Transportation plays a key role in the advancement of societies. Sumerians invented the wheel in 3500 BC to aid in the movement of heavy stone as they built their temples; Romans built a vast network of roads across their Empire so soldiers could march and conquer more efficiently; Egyptians built ships to access more markets for trade and later on, canals were constructed to give more passage. In the 1800s, America’s own Industrial Revolution was spurred on by expanded transportation including the Cumberland Road (now part of Interstate 40), the creation of the Steamboat, the opening of the Erie Canal and the completion of the Transcontinental Railroad in 1869.
In Cambodia, a country destroyed by years of civil war and the Khmer Rouge reign, transportation is a struggle. The French colonists created an intricate system of railroad lines to connect the plantations with their lucrative coffee and bananas to marketplaces. But these lines and trains fell to waste after the Khmer Rouge banned the “ordinary” people from using them. Now trains run infrequently in between the villages and the trips are long as break-downs and derailments are common. The Cambodian Government promise an upgrade to the system but little has been done. So, Cambodian villagers long ago took matters into their own hands and built the Bamboo Train.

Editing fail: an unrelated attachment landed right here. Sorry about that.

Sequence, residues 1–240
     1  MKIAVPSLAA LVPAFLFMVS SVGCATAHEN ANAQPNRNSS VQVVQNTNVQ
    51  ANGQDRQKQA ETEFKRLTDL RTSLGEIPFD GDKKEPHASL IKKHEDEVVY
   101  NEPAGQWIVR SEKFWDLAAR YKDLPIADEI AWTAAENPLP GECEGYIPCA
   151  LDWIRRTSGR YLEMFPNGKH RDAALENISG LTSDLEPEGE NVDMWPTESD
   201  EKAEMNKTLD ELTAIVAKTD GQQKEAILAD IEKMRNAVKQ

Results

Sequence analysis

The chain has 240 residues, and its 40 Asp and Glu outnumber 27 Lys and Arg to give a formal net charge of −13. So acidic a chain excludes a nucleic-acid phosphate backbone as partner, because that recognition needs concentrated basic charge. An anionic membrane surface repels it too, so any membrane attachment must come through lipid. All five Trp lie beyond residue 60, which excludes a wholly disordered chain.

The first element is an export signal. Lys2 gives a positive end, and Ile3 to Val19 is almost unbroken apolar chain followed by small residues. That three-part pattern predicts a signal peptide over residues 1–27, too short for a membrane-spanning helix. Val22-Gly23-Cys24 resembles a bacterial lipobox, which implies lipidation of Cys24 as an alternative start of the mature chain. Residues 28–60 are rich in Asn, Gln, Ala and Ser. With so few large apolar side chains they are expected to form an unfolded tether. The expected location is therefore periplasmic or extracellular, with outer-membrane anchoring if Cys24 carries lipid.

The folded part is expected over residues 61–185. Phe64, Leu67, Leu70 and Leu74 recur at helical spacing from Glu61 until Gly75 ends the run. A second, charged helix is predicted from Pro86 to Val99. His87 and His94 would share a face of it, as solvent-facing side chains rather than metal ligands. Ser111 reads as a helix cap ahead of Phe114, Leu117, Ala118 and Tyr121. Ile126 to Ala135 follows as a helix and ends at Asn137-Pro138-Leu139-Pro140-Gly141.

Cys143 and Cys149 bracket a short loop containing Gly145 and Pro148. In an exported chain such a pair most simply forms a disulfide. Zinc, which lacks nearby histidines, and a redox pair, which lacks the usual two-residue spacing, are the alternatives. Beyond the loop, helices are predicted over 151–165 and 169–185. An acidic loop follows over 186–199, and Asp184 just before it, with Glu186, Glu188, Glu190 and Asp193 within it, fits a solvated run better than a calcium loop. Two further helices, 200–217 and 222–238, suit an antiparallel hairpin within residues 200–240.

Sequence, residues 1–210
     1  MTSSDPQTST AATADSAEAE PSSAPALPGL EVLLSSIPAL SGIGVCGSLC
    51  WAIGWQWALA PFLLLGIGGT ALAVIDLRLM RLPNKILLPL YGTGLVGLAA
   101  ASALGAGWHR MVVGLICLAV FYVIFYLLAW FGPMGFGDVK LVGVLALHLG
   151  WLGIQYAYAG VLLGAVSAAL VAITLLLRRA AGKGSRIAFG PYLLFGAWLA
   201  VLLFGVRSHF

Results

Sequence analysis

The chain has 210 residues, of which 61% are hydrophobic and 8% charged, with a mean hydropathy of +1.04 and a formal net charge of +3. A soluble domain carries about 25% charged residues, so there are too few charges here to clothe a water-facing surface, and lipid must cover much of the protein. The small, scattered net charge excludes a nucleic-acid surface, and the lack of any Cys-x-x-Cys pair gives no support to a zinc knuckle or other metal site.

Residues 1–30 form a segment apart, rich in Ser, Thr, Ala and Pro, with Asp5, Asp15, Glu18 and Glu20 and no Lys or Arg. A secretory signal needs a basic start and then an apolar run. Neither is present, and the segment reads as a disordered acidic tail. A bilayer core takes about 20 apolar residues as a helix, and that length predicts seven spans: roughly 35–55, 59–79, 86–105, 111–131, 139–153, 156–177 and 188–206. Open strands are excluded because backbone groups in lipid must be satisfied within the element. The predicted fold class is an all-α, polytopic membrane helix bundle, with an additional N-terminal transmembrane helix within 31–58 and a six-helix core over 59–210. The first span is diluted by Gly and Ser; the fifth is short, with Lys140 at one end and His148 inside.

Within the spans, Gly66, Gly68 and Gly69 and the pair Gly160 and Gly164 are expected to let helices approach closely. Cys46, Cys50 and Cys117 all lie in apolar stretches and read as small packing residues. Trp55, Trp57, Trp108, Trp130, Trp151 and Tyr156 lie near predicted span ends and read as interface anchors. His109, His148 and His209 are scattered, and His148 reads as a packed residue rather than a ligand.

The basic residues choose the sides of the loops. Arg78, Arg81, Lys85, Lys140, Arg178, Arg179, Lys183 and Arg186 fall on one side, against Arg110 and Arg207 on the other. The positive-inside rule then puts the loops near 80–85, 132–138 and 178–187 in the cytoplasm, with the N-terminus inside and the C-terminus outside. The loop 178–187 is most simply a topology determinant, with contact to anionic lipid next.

Their choice of materials is an unusual combination of the strong and abundant bamboo that surrounds them and parts from abandoned military tanks. Described as a “bamboo slab on wheels,” these trains sprung up in the late 70s where they were controlled by a series of levers and hand-cast controls. They have since upgraded to wooden footbrakes and small motors that poured into the country, courtesy of the United Nations relief effort in the 1980s.
Simplicity is key for this train system. They use the existing railroad tracks and spurs to travel. When they meet another bamboo train on the tracks, whoever has the least passengers merely lifts their train off the track to let the other one by. They keep a sharp ear out for the infrequent freight trains that come through and when they reach their destination, they simply pick the train up and turn it around to head back.
These bamboo trains, or “Norries” as they are called by locals, provide a link between villages, a way to get produce and animals to the market, a way to get lumber to building sites and a means of income for many as rich tourists pay up to $2/day to ride them. In Cambodia, that can equal two months wages to most citizens. A local village has even turned into a “little Detroit” and builds up to 10 trains a month for sale and use. Not only are they building them, but they want to make them more beautiful to help encourage the tourists to ride them.
Necessity is the mother of invention and in a country that desperately needs (and wants) to rebuild itself, these bamboo trains are an ingenious solution.
Bamboo offers so many uses to so many countries, which is why we have created Bamboo’s Worldwide Impact section. From trains to bikes, bamboo loungewear and bamboo bedding to earthquake shelters, bamboo is a remarkable and sustainable resource.
For a firsthand and most fascinating look at bamboo train travel, check out this Bamboo Railway – Cambodia Video.